Tactics for the New Age of Buying Modern
How to Buy a New Watch for Less
Reports are streaming out of Switzerland, all sharing a common thread: the modern watch market is tanking. In July, the Swatch Group, the global conglomerate comprised of major Swiss brands such as Omega, Blancpain, Longines and Breguet, warned of a drop in first-half sales of roughly 12 percent. Richemont, which holds Cartier, IWC and Jaeger-LeCoultre, among others, reported an 18 percent sales plunge in April and saw shares fall roughly 5.6 percent.
This volatility in the market makes things complex for consumers. The obvious upside is that brands are trying desperately to move merchandise, making it a buyer’s market. Many authorized dealers and resellers are discounting their retail prices to try and entice buyers. But this also means that the values of the watches being bought are at an all-time low. Despite this, there are ways to buy a modern piece, smarter.
Don’t dismiss the boutiques. When markets soften, many people steer clear of the boutiques based on the belief that they will pay “full retail” for a watch that can be had for less elsewhere. Most people don’t know that many boutiques allow their sales staff to take 10-15 percent off the sticker price of a watch; with a little negotiating, the sales manager could save you as much as 25 percent. Some brands are stricter than others, but at the end of the day, a little good old-fashioned bargaining can go a long way. And for some, the peace of mind of getting a watch with a full warranty and full kit is worth paying a little bit more. Plus, being on the client list of a major brand offers ancillary benefits like getting direct access to limited editions, being able to purchase straps and other accoutrement that can be hard to locate elsewhere, and even receiving invitations for special boutique and factory visits.
Cruise the forums. There is a lot — I mean a lot — of bad press out there regarding the gray market. Forums and independent resellers moving pre-owned pieces often get a bad rap; and, while caution should always be exercised when purchasing from unknown sources, there are numerous deals to be had if you know what to look for. You can often get as-new pieces at 25-30 percent off their sticker prices. If you are diligent and patient, you can get a watch that is only lightly worn for much less than retail.
As always, it’s important to work with established and reputable sellers. A good place to start is Watch Recon, and online aggregator for private and dealer-classified listings. Be sure to ask for live pictures of the piece that you’re chasing — some less-than-forthright resellers will attempt to use recycled pictures to “pre-sell” watches to which they don’t have ready access. It’s also a good idea to clarify the parameters of inspection and return; a three- to five-day inspection period is industry standard. Finally, try and work out a split payment, a deposit with the remainder to be sent after a thorough inspection. While this might not always be possible, it protects you from fraudulent dealings.
Skip blue chip. If you are set on buying new, it’s worth looking past the big names and focusing on watches from the smaller brands — think brands like Bremont, Glashütte Original, and even Jaeger-LeCoultre. While these names are fairly widely known, they don’t enjoy as much global recognition as Rolex, Omega and others generally considered blue-chip brands. But where Rolexes and Omegas are respected because of their excellent build quality and value retention, watches produced by the second-tier brands are less common (produced in fewer quantities) and generally more interesting to secondary buyers. Many of these makers offer exceptional watches with movements that are more complicated than their more famous brethren and are often marked by a more interesting design language, meaning you can usually get way more actual watch for your money.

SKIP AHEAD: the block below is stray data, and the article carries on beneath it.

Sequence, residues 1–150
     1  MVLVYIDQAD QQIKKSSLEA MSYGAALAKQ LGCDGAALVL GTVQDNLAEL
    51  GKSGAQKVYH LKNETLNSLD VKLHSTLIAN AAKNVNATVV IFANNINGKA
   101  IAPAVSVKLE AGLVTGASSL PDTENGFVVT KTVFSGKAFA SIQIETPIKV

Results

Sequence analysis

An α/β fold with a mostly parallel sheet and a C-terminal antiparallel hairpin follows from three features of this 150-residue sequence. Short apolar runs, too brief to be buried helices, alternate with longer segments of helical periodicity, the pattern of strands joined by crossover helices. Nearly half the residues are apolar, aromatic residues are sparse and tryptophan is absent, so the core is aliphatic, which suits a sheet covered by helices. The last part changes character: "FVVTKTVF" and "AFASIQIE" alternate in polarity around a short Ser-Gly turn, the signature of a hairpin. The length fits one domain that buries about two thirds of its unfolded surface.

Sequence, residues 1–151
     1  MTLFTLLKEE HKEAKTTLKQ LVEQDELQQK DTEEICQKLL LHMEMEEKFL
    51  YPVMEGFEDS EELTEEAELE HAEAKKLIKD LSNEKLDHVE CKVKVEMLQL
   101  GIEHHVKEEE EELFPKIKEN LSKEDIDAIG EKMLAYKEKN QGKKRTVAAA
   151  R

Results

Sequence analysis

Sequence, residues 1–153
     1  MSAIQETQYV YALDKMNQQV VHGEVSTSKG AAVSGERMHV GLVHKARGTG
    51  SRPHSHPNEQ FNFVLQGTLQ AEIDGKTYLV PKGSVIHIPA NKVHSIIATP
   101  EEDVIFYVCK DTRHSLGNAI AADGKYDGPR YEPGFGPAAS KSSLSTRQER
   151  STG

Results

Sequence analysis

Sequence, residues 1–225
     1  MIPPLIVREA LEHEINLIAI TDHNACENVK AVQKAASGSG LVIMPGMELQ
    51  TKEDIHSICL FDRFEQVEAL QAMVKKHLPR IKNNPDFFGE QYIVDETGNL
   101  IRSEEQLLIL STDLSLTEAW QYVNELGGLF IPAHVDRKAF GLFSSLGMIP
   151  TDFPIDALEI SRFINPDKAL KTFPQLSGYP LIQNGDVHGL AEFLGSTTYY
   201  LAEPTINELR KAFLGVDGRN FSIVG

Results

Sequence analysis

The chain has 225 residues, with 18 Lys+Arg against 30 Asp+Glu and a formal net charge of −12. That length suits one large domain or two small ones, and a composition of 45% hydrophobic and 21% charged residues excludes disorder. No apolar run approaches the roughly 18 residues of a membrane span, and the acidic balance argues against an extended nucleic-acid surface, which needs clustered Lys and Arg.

Less money doesn’t equal less watch. Mainstream watch manufactures have convinced most consumers that you must to be willing to spend upwards of $5,000 to get a decent watch. The truth is that there are loads of brands that offer quality watches for hundreds, not thousands. Brands like Seiko, NOMOS, Squale and Sinn have incredible histories and sterling production quality. Seiko’s SRP-777 “Turtle” can be ordered online for less than $400 (on a bracelet) and you can find simple three-hander Sinn models — the Ref. 556 A, for one — retailing for around $1,200. These brands are manufacturing purpose-built watches, unburdened of luxury flourishes like white-gold hour markers and ceramic bezels. For in-depth reports, photos and reviews on the more affordable brands, check out sites that specialize in affordable watches, like Worn & Wound.
Think independently. The Swiss watch market is generally defined by the major watch conglomerates (Swatch Group, Richemont, LVMH, etc.), which produce hundreds of thousands of watches every year. But outside of these manufacturing giants exist a handful of independently owned Swiss watch manufactures. These independents – brands such as F. P. Journe, Habring and Martin Braun — produce anywhere from five to 50 watches a year, employing small teams of watchmakers who design and craft their pieces in-house. In addition to being aesthetically unique and horologically advanced, these timepieces make excellent alternatives to watches in the mainstream market, as they have the potential to hold their value longer and enjoy appreciation sooner.